Nathan Douglas, still one of Britain’s top jumpers, had one of his best days to finish a clear second with 17.47m and well clear of the next best Alexsandr Sergeyev’s 17.15m.

Gold: Men’s 4x400m 3:07.04
The team was led off by individual bronze medallist Rob Tobin who took the lead at the break and held on for a clear lead. Dale Garland handed over third but within touch before Phil Taylor moved up to second with a well-judged second lap.

On the anchor leg, Russia were ahead but on the final bend Germany’s huge individual silver medallist Bastian Swilliams caught the Russian as he went to go by and the Russian badly stumbled and lost all momentum and as Germany and a clear lead, Britain’s Steve Green was able to pass the staggering Russian.

The German was disqualified and Britain were fortunately advanced to first and Russia (3:08.10) who would have beaten Britain but for the German collision were promoted to second.

Gold: Nicola Sanders 400m 50.02
The fast improving athlete, who would later in the year go close to winning the world outdoor title, shocked with one of the greatest ever runs by a Briton indoors at any distance.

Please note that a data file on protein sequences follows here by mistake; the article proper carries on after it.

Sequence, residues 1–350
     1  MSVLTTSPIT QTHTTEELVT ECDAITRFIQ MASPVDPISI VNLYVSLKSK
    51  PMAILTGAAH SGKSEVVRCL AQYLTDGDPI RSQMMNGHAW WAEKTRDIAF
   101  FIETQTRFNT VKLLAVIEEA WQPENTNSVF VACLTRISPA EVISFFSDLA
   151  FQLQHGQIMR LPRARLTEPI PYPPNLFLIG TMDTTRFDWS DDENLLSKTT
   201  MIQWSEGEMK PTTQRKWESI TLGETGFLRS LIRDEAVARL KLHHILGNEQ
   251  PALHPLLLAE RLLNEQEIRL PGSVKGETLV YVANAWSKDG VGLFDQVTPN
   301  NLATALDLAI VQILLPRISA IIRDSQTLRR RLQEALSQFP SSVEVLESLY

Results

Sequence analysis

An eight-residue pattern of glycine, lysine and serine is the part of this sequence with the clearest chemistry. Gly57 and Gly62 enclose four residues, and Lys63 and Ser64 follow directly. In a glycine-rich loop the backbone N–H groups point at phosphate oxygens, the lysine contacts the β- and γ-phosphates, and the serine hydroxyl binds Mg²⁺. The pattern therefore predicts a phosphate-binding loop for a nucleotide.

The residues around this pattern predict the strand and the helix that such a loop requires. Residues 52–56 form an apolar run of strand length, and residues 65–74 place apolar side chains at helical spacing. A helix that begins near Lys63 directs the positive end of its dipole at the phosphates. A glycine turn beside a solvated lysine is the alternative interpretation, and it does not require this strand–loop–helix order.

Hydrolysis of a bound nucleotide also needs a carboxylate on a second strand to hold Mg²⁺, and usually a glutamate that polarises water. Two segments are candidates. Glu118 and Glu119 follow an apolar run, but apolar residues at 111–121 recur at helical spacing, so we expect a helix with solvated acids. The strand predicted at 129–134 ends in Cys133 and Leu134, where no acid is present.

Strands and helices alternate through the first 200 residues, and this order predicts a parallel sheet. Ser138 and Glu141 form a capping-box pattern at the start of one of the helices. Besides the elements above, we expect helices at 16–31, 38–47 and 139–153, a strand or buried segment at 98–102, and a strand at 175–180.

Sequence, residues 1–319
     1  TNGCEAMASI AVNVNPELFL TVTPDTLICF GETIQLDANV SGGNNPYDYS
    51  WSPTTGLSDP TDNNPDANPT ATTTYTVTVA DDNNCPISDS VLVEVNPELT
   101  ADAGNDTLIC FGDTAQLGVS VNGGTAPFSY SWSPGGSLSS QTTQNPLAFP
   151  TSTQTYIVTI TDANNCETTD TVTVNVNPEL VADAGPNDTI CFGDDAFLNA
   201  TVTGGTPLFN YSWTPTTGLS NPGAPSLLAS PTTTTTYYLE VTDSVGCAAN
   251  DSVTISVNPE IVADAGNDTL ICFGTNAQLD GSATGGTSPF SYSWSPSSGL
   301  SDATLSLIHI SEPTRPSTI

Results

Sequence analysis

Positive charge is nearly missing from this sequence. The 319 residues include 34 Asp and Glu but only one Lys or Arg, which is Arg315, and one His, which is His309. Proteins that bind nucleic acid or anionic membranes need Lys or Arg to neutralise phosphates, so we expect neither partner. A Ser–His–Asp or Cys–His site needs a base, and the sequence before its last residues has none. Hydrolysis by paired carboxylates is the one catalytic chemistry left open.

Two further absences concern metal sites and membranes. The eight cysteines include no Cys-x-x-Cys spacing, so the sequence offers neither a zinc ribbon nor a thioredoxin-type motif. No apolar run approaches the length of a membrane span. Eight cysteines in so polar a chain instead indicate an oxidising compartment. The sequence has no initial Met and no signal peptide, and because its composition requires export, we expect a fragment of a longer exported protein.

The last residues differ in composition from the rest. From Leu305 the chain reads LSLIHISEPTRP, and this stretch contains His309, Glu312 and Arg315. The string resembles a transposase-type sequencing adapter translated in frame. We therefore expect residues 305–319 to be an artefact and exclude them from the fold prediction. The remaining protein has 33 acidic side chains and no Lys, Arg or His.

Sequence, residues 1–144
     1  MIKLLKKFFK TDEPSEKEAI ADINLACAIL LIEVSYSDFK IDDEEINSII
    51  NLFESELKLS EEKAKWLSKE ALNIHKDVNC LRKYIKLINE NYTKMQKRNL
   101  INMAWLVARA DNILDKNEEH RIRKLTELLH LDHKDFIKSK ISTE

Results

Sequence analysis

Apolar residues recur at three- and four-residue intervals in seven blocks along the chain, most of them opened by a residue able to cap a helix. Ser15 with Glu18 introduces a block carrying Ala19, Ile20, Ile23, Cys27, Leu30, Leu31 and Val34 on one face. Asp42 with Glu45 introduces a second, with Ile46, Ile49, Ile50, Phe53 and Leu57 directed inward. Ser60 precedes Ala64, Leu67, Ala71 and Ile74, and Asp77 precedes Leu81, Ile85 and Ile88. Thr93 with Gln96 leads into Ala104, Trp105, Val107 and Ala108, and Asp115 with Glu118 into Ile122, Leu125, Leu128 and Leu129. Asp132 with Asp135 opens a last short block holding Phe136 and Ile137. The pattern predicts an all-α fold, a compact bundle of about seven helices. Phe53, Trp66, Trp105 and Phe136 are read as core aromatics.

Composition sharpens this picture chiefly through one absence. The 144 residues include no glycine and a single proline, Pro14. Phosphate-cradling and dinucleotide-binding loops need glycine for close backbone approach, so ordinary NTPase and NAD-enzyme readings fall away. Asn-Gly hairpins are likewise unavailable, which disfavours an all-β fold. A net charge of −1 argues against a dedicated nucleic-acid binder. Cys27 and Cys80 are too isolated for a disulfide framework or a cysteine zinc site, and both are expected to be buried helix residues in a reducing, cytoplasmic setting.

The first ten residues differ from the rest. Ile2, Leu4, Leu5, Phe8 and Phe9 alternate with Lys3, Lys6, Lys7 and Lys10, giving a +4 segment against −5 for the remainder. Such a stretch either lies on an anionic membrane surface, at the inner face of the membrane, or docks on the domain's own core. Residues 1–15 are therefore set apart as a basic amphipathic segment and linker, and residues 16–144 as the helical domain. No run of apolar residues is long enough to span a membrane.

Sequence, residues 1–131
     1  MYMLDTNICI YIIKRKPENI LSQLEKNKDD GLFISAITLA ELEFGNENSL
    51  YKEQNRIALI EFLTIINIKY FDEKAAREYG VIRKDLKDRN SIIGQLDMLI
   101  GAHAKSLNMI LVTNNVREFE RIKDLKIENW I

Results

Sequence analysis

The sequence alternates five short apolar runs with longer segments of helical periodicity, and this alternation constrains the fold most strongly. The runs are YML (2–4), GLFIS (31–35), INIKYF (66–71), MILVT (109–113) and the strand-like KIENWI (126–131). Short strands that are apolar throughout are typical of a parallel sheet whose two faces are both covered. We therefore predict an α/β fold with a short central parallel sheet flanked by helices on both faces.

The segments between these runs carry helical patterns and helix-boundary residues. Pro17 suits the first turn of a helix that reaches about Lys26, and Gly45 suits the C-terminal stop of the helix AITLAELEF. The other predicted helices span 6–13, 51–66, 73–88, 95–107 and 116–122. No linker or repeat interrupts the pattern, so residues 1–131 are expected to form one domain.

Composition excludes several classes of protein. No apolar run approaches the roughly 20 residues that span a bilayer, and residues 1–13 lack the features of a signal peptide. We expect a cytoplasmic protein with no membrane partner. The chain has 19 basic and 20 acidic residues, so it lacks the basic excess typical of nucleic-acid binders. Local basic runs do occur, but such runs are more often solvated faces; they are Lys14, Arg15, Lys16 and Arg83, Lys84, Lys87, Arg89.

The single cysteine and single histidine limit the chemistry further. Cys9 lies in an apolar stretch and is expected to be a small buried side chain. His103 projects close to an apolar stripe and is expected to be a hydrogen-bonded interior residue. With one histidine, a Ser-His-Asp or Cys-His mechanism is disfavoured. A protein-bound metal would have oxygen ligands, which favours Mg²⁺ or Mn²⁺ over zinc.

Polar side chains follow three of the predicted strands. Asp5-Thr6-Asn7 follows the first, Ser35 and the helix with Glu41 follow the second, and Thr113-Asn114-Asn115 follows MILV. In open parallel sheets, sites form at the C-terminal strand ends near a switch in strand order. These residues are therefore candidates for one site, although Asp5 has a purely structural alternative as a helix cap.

The former hurdler massacred the opposition from lane six passing 200m in a brilliant 23.31 with a three metre lead and the gap grew throughout the second lap as she passed 300m in around 36 seconds and though slowing she held on well to smash the British record.

Runner-up Ilona Usovich (51.00) was almost a second back. Fourteen years on, the performance still stands fifth all-time indoors.

Other medallists:
Craig Pickering 60m silver 6.59 (Gardener)
Robert Tobin 400m bronze 46.15 (D Gillick 45.52)
Martyn Bernard High jump bronze 2.29m (S Holm 2.34m)
Nathan Douglas Triple jump silver 17.47m (Idowu)
Kelly Sotherton Pentathlon silver 4927 (C Kluft 4944)
Women’s 4x400m bronze 3:28.691 (Belarus 3:27.83)

2009 Turin, March 6-8 (GB: 2, 2, 0)

Gold: Dwain Chambers 60m 6.46 (6.42 semi *European record)
A two-metre win in a still standing European record 6.42 in his semi final underlined who was going to win and though he was not quite as fast in the final he still won by a clear metre from home athletes Fabio Cerruti and Emanuele Di Gregorio (both 6.56) with Simeon Williamson (6.57) just missing out.on a medal in fourth. Because of his earlier drugs suspension, Chambers was subject to boos during the medal ceremony.

Gold: Mo Farah 3000m 7:40.17